On the back side of Sun City Center plaza, lies Nearly New. This is where one can find inexpensive clothes of every variety packed inside. Around every corner is a great deal on something you didn’t even know you needed. There are several rooms containing goods such as clothing, bedding, shoes, books, decorative figurines, jewelry, appliances, and clocks. Outdoors on nice days along the back side of the building there can be found furniture and sometimes other items such as golf clubs or walkers. There are blouses and jeans for three dollars and chairs for twenty-five dollars.
Nearly New keeps its prices so low by using volunteer staff and all merchandise is donated. They provide value to the community in multiple ways. They provide low-price goods that help struggling families afford things they need. They provide a place to get rid of excess items for those that don’t need them. They also provide a friendly place to volunteer. Finally, the money raised funds the Interfaith Council of Sun City Center, an alliance of nine local houses of worship that grants money to various charitable causes in Hillsborough County (almost half in the form of scholarships).
Nearly New is open every Saturday from eight until noon. During the winter months, it is also open Wednesdays during the same hours. Donations can be dropped off any weekday between eight and three.
1515 Sun City Center Plaza, Sun City Center, Florida
Written by Daniel Noe, WayOutLife.com
Not every adventure has to be big or far away. In most communities there are small hidden places of solace if you know where to look, both official and unofficial. In Sun City Center is the Window in the Woods, a bird observation shelter sponsored by the Eagle Audubon Society, an organization formed in 1982 dedicated to preserving wetlands and conservation education. They often do field trips. The unmanned shelter has windows on all sides as well as a deck with benches. It is surrounded by various birdfeeders and birdhouses among the trees. A short distance away lies a pond where I have seen in past visits a turtle, an alligator, and an anhinga. On my most recent trip I only saw blue jays, cardinals, and a bright red dragonfly.
The trail to Window in the Woods begins next to the RV storage place in back of the community garden off Del Webb. It runs along a raised bed of sand and shell fill next to swamps and along a golf course for part of the way. Continuing past the bird observation shelter, there are a few benches alongside on which to rest. One overlooks another pond. One sits in the shade of moss-covered trees. The trail finally ends behind the health center of Freedom Plaza, an assisted living community. If you live in Sun City Center and just need to get away for a couple hours, this is the place to do it.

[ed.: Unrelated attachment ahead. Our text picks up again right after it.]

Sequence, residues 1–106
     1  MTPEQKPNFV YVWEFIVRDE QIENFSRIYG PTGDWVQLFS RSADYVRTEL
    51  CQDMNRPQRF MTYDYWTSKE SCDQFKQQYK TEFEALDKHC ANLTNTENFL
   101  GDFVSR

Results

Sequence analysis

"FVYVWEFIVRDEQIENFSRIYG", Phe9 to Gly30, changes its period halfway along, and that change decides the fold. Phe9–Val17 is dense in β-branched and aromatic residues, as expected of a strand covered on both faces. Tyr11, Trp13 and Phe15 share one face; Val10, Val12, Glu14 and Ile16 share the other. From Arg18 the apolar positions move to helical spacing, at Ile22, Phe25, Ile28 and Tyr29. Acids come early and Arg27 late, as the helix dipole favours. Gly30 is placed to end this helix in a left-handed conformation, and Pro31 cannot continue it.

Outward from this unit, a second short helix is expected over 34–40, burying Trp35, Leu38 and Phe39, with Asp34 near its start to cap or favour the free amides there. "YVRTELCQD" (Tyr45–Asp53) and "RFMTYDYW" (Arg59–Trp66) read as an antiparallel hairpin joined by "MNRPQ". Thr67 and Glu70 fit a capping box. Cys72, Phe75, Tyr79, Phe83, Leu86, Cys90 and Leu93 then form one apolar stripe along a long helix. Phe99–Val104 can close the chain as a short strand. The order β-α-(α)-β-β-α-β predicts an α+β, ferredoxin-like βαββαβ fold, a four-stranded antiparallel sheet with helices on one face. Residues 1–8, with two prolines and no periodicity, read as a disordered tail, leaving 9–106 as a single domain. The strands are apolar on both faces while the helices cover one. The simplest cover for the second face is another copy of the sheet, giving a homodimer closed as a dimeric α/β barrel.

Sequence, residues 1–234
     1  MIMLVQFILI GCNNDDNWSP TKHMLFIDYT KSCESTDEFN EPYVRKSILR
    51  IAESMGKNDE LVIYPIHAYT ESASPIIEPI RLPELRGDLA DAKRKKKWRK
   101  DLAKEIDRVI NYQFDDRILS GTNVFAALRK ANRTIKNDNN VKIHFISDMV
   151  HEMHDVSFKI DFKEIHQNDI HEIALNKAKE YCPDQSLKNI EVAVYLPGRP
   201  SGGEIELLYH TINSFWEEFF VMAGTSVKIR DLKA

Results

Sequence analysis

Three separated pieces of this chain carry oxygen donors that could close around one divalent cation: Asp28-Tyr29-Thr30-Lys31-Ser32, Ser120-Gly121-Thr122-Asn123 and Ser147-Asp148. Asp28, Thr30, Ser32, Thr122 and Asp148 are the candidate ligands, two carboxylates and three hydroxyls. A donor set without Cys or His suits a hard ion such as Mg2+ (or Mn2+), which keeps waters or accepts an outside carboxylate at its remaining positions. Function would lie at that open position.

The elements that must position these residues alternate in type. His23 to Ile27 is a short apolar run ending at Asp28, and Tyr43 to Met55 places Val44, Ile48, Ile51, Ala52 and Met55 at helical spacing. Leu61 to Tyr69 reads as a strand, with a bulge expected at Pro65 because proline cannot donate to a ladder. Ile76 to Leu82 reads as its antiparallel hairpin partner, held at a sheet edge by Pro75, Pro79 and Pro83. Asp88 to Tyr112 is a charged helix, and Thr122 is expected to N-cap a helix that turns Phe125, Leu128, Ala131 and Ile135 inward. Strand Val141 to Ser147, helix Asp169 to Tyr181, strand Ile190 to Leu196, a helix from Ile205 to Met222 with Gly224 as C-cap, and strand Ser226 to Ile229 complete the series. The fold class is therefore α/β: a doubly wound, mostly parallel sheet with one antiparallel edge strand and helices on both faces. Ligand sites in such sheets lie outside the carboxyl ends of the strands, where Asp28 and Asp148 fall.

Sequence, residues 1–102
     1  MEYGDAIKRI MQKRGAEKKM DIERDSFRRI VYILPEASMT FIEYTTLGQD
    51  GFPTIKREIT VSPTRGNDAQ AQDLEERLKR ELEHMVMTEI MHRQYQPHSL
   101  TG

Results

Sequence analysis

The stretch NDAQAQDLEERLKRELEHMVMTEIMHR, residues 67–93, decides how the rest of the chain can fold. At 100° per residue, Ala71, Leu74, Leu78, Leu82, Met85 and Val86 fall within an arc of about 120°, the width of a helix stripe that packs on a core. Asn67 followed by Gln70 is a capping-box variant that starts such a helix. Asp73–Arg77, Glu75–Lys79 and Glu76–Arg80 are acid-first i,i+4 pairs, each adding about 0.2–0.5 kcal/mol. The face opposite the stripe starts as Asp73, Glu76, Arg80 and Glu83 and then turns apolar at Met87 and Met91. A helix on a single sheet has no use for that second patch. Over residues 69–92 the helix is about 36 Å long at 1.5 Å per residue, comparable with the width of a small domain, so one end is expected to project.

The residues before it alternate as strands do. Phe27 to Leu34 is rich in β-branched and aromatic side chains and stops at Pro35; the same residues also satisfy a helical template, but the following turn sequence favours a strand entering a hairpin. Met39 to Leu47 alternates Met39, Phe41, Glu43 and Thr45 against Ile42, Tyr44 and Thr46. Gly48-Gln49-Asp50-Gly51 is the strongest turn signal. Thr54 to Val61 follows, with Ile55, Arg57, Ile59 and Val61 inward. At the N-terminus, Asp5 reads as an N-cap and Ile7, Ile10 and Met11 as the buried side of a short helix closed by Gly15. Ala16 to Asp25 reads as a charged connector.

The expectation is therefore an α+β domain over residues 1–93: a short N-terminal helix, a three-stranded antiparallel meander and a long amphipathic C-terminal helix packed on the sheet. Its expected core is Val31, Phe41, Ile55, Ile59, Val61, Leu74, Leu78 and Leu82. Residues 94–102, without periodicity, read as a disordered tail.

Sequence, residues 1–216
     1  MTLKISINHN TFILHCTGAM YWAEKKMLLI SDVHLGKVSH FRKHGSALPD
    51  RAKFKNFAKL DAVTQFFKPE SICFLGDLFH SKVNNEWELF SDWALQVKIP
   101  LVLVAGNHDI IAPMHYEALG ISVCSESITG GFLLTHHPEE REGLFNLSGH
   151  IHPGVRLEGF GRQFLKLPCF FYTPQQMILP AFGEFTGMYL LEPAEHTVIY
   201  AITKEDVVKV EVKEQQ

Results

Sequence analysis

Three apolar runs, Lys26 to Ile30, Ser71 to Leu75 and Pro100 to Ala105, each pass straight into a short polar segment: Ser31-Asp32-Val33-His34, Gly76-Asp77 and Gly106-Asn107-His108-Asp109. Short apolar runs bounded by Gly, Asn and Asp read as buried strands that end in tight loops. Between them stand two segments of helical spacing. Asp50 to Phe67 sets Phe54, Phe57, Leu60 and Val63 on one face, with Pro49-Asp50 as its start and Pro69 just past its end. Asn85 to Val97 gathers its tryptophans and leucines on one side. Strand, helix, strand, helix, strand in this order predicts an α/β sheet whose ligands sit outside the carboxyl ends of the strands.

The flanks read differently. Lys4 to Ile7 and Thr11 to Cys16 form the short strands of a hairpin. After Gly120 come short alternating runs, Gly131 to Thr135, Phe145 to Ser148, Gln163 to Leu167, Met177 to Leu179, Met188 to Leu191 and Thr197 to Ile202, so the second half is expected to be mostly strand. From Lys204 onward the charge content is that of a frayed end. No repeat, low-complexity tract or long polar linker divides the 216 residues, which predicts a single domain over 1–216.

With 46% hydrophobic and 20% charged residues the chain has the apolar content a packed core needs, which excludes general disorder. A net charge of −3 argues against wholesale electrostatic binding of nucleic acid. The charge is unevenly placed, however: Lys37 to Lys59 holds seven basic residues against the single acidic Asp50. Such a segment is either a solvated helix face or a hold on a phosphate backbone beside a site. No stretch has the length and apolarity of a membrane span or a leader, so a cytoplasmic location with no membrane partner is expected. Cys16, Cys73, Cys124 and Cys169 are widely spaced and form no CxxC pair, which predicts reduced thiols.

1516-A Del Webb, Sun City Center, Florida
Written by Daniel Noe, InkDoodler.com
Nestled unobtrusively among the other shops in the Home Depot/Beall’s plaza at the intersection of Cypress Avenue and SR 674 like a panther ready to pounce, Elite Donuts is one of the hidden treasures of Sun City Center. Somehow they have managed to survive in an age when sugar is thought unhealthy and a Dunkin’s lurks just a thousand feet away. I recently went to go check it out. Upon first entering, I was struck with the intense smell of donuts. This is always a good sign. I knew I was in the right place. The interior has a style a bit reminiscent of an oriental restaurant, with the trickling fountain, swirled metal works on the walls, and the small, decorated tree in the corner. There are a variety of seats and tables in the cozy dining room to choose from, allowing one to pick what suits them. On the menu can be found a variety of sandwiches and subs, and below it sits a full donut display, including cinnamon, cream, peanut, apple, and even cronuts – though being cross-shaped makes me wonder if the “cro” stands for cross or chromosome instead of croissant. It’s a quirky place, and that’s why we love it and the friendly staff.
3824 Sun City Center Boulevard, Sun City Center, Florida
Written by Daniel Noe, InkDoodler.com